Are you ready to have your physical ID also available as a mobile ID? Issuers across the country and around the globe are preparing for this inevitable step and early results have been extremely positive. In this four-part podcast series, experts at secure identity provider HID Global help us explore how different our lives can be if we do just that.
In episode one, we explored the basics of Mobile ID 101. In part two, we address mobile ID privacy and security.
A smartphone offers a privacy enhancing opportunity that doesn’t exist with a traditional card. Within the mobile ID app, data is encrypted and can be stored only on the phone rather than in an external database
As the concept of mobile ID is new, some degree of consumer or citizen apprehension should be expected. But as they see the technology’s potential, it becomes clear that mobile ID’s can actually safeguard the user’s privacy and security. So says Steve Warne, Director of Solutions Marketing in HID Global’s Citizen Identification business. But, Warne stresses, issuers must first tackle the inevitable concerns that come with the technology.
“There are a number of concerns. The most common one we hear is, ‘If I have this app on my phone, am I going to be tracked by someone?’” he says. “Citizens want to know what happens to their data when they use a mobile driver’s license, for instance. Is there a ‘Big Brother’ somewhere taking that information and using it for whatever means?”
Warne says a smartphone actually offers a privacy enhancing opportunity that doesn’t exist with a traditional plastic ID card or paper identification document. Within the mobile ID app itself, identifying information is encrypted and can be stored only on the phone rather than in an external database.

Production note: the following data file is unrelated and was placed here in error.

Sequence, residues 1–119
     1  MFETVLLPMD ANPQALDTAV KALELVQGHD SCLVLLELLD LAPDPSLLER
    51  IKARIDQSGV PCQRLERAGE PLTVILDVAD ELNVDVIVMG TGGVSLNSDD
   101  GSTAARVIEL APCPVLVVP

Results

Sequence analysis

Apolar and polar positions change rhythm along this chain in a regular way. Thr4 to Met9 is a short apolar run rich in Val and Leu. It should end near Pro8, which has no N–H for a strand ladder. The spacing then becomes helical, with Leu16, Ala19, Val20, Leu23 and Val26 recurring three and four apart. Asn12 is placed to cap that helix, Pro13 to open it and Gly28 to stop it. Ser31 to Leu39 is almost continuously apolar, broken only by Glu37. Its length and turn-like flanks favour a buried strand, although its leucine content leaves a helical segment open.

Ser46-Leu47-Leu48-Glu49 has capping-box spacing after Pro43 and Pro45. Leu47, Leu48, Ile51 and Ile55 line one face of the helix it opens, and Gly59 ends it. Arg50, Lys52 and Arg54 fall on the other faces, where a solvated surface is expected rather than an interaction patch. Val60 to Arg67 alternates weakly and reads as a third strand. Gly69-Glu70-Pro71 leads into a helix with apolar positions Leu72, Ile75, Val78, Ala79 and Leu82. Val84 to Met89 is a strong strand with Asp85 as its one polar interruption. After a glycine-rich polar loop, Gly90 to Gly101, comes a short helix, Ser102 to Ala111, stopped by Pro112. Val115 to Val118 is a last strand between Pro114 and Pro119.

When it comes to mobile ID privacy, the actual use of the handset can also be more privacy enabling. Bluetooth (BLE) can be used for a potentially safer experience for both sides involved in a transaction, such as at a traffic stop. An exchange of keys between the officer’s ID reading device and the citizen’s mobile device would secure the information as it passes over the air via Bluetooth. The phone would never leave the hand of the citizen.
“The police officer can check who’s in the car without approaching the car,” Warne says. “On the citizen’s side, we’re exchanging information that this is a real police officer. By sharing only the information you want over BLE – like your driver’s license –you can be sure that the police officer doesn’t have access to your e-mails, your browsing history, your text messages.”
Physical documents usually require face-to-face interactions, while a mobile ID allows for secure online and over-the-air transactions. For example, a unique passcode generated on an app could enable proof of identity over the phone. A mobile ID can also be updated and renewed through a secure channel instead of the citizen having to drive to a government office to show paper identifying documents, such as a birth certificate.
“With the advent of mobile technology – using selfie technology or even a fingerprint – you could build in a lot of security to a remote enrollment, which means that the citizen could potentially do that from the comfort of their own sofa,” Warne says.
Listen to the podcast to learn more about mobile ID privacy, and stay tuned for future installments of our four-part series Investigating Mobile IDs and Credentials.